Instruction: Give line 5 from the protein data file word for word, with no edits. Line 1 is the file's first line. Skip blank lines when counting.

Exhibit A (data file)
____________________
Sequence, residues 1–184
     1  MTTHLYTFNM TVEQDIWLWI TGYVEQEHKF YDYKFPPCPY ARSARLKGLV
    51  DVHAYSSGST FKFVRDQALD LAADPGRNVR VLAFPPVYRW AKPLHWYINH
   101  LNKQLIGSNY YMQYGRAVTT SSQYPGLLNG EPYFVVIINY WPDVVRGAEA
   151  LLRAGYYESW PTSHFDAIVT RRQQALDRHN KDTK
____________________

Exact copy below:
   151  LLRAGYYESW PTSHFDAIVT RRQQALDRHN KDTK